My colleague Brian Katulis made the case for keeping Robert Gates on as SecDef a while back along with his coauthor Nancy Soderberg. An excerpt:
In several speeches that haven’t received the attention they deserve, Gates has argued that, as he put it on Sept. 29 at the National Defense University, “direct military force will continue to have a role” in the “prolonged, world-wide irregular campaign” against al-Qaeda and other violent extremists. But here’s the important part: Gates understands “that over the long term, we cannot kill or capture our way to victory.”
Instead, he calls for beefed up U.S. diplomatic and development capabilities. Unlike Cheney and Rumsfeld, who were obsessed with potential great-power competitors such as China, Gates bluntly admits that the “most likely catastrophic threats to our homeland — for example, an American city poisoned or reduced to rubble by a terrorist attack — are more likely to emanate from failing states than from aggressor states.” His solution to failing states? Help patch them up. Shortly after he took office, Gates argued that the lesson from Iraq and Afghanistan is that “economic development, . . . good governance, providing basic services to the people, training and equipping indigenous military and police forces, strategic communications, and more — these, along with security, are essential ingredients for long-term success.”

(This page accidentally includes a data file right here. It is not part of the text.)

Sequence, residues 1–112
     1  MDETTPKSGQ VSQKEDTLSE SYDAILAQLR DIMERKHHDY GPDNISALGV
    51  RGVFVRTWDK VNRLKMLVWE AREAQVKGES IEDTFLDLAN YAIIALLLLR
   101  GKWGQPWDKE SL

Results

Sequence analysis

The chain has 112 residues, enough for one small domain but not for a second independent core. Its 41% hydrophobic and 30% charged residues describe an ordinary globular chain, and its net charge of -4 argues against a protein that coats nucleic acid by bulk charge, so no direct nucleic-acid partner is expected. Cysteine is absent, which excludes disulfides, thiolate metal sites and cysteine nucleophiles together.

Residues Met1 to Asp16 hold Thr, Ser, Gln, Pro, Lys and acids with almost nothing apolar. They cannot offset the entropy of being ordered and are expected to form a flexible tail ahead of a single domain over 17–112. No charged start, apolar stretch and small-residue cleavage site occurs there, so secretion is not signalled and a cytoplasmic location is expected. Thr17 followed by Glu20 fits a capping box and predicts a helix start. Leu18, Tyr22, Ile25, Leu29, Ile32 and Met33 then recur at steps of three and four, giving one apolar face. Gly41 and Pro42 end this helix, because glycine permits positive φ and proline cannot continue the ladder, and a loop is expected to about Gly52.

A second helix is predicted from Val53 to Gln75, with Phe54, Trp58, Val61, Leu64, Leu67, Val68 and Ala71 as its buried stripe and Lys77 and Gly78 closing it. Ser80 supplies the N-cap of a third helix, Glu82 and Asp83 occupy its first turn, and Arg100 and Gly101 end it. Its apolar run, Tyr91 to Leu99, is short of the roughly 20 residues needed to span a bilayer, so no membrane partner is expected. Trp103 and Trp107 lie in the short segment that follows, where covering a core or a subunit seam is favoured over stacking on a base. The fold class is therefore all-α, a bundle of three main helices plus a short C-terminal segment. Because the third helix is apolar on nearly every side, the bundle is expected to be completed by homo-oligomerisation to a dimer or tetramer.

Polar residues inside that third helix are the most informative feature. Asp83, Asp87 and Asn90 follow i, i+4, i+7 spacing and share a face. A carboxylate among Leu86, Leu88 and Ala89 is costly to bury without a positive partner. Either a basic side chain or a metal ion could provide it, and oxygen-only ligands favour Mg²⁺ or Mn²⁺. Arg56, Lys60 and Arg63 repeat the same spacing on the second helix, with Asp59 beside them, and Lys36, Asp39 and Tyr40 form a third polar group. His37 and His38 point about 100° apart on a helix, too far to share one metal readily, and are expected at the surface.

Personally, I have somewhat equivocal feelings about this course of action, but I’m hoping Gates will prove Brian right.